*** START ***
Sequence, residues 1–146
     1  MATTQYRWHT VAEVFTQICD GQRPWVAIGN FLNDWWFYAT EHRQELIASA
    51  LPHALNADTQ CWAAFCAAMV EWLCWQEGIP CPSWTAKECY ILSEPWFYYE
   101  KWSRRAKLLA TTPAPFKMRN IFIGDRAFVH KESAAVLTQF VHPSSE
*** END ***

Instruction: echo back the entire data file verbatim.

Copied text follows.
Sequence, residues 1–146
     1  MATTQYRWHT VAEVFTQICD GQRPWVAIGN FLNDWWFYAT EHRQELIASA
    51  LPHALNADTQ CWAAFCAAMV EWLCWQEGIP CPSWTAKECY ILSEPWFYYE
   101  KWSRRAKLLA TTPAPFKMRN IFIGDRAFVH KESAAVLTQF VHPSSE